previous next
[738] of it are killed, wounded or prisoners. Exhausted nature can do no more. Weary and foot-sore, the soldiers lie down to rest.

General Banks, amazed at this irruption, by which his flank is turned and his communications threatened, begins, during the night, a precipitate retreat to Winchester. Jackson anticipates this, and presses on, the next morning, to Middletown, a village between Strasburg and Winchester, to find the road still filled with Federal trains and troops. Capturing and scattering these in every direction, he follows on after the main body, which has already passed him toward Winchester. He overhauls them in the afternoon, pushes Banks' rear guard before him all night, and, having given but one hour to rest, at daylight, on the 25th of May, reaches Winchester, to find the Federal forces drawn up across the approaches to the town from the south and southeast. The main part of ,Banks' army occupies the ridge on which the battle of Kernstown had been fought, but at a point two miles further north, while another part held the Front Royal road, on which Ewell, with a part of his division, was advancing. A vigorous attack is at once made by the Confederates, which, for a short time, is bravely resisted; but the Federal lines begin to yield, and seeing himself about to be overwhelmed, Banks retreats through Winchester. Jackson presses closely, and the Federals emerge from the town a mass of disordered fugitives, making their way, with all speed, toward the Potomac. The Confederate infantry followed for several miles, capturing a large number of prisoners, and had the cavalry been as efficient, but few of Banks' troops would have escaped. Banks halts on the north side of the Potomac, and Jackson allows his exhausted men to rest at Winchester. Thorough and glorious was Jackson's victory. In forty-eight hours the enemy had been driven between fifty and sixty miles, from Front Royal and Strasburg, to the Potomac, with the loss of more than one-third of his entire strength. His army had crossed the latter river a disorganized mass. Hundreds of wagons had been abandoned or burned. Two pieces of artillery, and an immense quantity of quartermaster, commissary, medical, and ordnance stores had fallen into the hands of the victor. Some twenty-three hundred prisoners were taken to the rear when Jackson fell back, beside seven hundred and fifty wounded and sick paroled, and left in the hospitals at Winchester and Strasburg, making a total of about three thousand and fifty.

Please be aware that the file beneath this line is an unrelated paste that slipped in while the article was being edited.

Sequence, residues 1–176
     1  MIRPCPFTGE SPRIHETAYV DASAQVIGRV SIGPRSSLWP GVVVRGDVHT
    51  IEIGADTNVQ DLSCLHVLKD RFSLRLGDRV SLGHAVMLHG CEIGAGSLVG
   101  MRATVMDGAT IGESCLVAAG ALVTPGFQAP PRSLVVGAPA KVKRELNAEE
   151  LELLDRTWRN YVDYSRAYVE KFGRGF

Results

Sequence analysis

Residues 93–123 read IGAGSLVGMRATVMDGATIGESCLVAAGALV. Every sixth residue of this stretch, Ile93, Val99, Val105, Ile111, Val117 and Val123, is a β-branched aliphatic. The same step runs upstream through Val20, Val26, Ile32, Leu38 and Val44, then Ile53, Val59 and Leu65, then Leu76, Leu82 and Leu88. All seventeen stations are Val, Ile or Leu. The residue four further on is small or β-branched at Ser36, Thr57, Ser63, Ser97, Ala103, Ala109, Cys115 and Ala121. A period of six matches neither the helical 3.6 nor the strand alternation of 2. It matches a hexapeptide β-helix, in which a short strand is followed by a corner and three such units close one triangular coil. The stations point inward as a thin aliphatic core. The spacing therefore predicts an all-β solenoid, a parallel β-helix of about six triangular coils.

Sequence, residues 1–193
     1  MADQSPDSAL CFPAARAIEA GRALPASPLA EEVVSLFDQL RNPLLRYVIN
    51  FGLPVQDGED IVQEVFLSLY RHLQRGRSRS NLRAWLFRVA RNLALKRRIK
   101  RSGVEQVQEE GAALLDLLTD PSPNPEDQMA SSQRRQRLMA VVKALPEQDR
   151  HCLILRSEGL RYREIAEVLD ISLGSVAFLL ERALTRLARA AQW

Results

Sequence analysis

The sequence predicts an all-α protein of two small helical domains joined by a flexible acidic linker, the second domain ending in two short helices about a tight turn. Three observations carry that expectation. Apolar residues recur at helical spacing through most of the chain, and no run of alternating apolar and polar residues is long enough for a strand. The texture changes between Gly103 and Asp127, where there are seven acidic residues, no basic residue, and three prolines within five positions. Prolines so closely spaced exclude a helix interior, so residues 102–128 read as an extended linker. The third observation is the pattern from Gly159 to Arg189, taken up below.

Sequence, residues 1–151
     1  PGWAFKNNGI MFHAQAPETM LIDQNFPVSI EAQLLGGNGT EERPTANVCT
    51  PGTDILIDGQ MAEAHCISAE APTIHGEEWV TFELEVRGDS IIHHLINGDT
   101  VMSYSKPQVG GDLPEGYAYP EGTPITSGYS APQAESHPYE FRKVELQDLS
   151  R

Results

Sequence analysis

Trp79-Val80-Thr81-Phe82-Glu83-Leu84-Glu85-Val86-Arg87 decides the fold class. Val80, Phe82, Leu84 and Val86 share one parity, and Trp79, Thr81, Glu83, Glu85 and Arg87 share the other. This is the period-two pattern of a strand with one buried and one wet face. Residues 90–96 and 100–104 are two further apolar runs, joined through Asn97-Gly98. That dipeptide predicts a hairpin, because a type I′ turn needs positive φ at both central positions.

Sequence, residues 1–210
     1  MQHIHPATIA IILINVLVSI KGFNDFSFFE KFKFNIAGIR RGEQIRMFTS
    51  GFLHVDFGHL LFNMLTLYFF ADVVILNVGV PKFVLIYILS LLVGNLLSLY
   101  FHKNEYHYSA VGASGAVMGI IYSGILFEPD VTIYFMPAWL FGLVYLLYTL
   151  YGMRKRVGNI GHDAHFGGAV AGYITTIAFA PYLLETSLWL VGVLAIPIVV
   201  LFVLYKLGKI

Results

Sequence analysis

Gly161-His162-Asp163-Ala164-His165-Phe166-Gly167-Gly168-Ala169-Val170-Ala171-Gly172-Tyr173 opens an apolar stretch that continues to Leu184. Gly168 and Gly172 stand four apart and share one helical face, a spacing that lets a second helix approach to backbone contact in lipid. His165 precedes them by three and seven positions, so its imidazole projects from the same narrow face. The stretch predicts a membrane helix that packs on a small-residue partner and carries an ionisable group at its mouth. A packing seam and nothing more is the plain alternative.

A day is given, according to Jackson's custom, to religious services and thanksgiving, and another to rest, and on the third he is again moving toward Harper's Ferry, in order, by the most

Creative Commons License
This work is licensed under a Creative Commons Attribution-ShareAlike 3.0 United States License.

An XML version of this text is available for download, with the additional restriction that you offer Perseus any modifications you make. Perseus provides credit for all accepted changes, storing new additions in a versioning system.

hide People (automatically extracted)
Sort people alphabetically, as they appear on the page, by frequency
Click on a person to search for him/her in this document.
T. J. Jackson (6)
Banks (5)
Ewell (1)
hide Dates (automatically extracted)
Sort dates alphabetically, as they appear on the page, by frequency
Click on a date to search for it in this document.
May 25th (1)
hide Display Preferences
Greek Display:
Arabic Display:
View by Default:
Browse Bar: